I walk to the window of my hotel suite and I see the sun rise on Tokyo’s grand Shinto shrine, dedicated to emperor Meiji and his empress Shoken, who opened up Japan to the West. The shrine is located in an amazing evergreen forest, cleverly hidden within the densely built-up city.


From my window, I can see the towering twelve-meter high Torii gate guarding the entrance of the shrine. The gate, created from a one-thousand-five-hundred-year-old Cyprus tree symbolically marks the transition from the profane to the sacred.


Somehow appropriate, as I feel like I went through a transition myself this past night.


Yes, temptation was a clear and present danger, and yet it did not tip me over. I came precariously close to giving in, and that realization hurts but feels good at the same time.


While I watch the amazing colors of the Tokyo sunrays progress from deep violet to pink and then to bright orange, I know I am and will always be like the moth circling the flame, unable to stay away from the brightest of lights.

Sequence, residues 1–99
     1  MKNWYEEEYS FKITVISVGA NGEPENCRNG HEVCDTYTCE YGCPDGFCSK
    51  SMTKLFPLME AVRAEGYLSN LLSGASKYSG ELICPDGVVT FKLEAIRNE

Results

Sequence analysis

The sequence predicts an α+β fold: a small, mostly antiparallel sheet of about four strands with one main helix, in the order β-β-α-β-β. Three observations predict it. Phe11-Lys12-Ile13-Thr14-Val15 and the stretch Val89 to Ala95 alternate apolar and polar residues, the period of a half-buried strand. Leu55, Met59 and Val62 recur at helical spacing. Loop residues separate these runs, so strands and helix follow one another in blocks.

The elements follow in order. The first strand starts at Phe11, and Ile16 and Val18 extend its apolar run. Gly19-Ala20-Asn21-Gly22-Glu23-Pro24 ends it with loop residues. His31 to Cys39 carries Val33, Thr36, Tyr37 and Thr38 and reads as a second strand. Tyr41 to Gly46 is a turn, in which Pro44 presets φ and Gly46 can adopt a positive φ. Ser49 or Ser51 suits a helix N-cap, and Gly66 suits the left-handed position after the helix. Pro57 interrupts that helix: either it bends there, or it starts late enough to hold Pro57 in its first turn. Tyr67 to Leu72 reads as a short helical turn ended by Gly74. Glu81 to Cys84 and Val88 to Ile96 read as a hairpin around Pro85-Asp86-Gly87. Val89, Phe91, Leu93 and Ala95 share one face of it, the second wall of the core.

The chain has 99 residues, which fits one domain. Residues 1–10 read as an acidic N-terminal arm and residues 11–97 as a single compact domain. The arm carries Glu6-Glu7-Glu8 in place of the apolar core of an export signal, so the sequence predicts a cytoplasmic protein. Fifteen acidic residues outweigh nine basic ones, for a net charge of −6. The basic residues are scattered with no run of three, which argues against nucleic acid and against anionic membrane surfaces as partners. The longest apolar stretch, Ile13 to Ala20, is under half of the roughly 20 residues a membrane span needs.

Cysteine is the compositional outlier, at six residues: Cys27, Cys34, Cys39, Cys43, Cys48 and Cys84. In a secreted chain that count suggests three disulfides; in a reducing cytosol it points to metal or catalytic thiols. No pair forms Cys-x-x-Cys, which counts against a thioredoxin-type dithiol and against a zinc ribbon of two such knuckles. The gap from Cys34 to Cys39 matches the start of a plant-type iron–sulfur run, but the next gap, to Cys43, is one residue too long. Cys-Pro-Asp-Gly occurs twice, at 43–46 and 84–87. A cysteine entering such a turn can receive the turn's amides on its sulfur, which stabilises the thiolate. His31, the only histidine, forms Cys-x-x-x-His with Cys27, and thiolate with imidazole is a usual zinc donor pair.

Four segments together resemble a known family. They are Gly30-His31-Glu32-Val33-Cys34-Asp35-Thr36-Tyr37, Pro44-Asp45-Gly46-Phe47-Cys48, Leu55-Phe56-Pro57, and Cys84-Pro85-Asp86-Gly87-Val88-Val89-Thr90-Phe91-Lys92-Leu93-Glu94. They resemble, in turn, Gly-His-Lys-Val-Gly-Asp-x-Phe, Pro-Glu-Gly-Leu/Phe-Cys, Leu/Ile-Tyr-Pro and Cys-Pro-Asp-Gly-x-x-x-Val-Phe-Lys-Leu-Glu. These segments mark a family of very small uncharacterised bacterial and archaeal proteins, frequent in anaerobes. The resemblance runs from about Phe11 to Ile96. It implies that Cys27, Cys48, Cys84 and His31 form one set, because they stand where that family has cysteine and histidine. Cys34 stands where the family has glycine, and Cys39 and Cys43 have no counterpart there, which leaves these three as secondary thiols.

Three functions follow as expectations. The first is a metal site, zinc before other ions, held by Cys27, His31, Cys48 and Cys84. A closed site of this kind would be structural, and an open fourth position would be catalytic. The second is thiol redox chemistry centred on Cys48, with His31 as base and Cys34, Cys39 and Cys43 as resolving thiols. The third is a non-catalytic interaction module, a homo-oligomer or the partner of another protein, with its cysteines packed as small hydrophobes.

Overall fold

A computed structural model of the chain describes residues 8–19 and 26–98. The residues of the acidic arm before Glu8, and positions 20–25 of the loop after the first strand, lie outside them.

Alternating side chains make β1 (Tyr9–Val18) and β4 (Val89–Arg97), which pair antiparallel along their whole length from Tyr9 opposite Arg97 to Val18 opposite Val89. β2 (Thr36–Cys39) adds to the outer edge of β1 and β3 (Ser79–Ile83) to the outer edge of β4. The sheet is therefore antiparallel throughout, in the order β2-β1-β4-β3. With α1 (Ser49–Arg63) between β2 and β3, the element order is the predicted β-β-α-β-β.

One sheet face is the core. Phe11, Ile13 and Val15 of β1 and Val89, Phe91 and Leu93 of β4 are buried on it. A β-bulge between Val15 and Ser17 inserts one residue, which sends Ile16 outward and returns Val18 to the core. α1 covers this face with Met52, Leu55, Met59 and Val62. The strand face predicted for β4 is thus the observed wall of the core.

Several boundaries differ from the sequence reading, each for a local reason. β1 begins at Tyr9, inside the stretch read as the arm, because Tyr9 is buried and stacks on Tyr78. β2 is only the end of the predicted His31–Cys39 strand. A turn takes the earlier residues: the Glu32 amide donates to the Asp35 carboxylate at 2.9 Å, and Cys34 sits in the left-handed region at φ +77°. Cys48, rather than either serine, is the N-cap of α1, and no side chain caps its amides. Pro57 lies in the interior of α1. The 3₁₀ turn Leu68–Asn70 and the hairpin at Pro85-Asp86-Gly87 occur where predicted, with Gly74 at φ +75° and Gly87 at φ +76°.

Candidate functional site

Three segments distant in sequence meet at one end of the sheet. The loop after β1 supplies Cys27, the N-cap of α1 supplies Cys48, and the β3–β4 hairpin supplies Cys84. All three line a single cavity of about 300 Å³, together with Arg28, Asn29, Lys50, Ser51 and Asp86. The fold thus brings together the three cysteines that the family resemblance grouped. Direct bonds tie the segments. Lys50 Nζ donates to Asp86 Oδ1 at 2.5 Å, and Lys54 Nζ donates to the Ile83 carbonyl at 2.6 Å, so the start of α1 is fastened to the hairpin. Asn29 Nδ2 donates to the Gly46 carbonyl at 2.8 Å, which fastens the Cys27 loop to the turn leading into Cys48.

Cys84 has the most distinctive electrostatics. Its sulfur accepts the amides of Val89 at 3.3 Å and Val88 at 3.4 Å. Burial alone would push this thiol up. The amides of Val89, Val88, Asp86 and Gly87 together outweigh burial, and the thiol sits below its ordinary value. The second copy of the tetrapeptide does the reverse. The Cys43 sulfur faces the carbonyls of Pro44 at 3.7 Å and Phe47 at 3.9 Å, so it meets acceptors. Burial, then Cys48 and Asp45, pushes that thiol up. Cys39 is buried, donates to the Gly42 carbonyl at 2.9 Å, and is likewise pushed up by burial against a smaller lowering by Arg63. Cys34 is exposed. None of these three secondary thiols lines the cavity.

© 2017 Philip Muls

My Review

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Every time I read your work I'm amazed all over again at your talent and the generosity of letting us read this on the cafe. Thank you Philip. We owe you a drink. :)

Posted 6 Years Ago

1 of 1 people found this review constructive.

phillip it is really taking off my friend,more interesting and detailed with each chapter

Posted 6 Years Ago

Well done. I'm sorry to say that I injected myself into the story and had a few drinks and indulged.

Posted 6 Years Ago

1 of 1 people found this review constructive.

I like the writing. And initially it captured me, but in reality, it’s an essay, titled, “Thoughts while enjoying a night alone in Tokyo”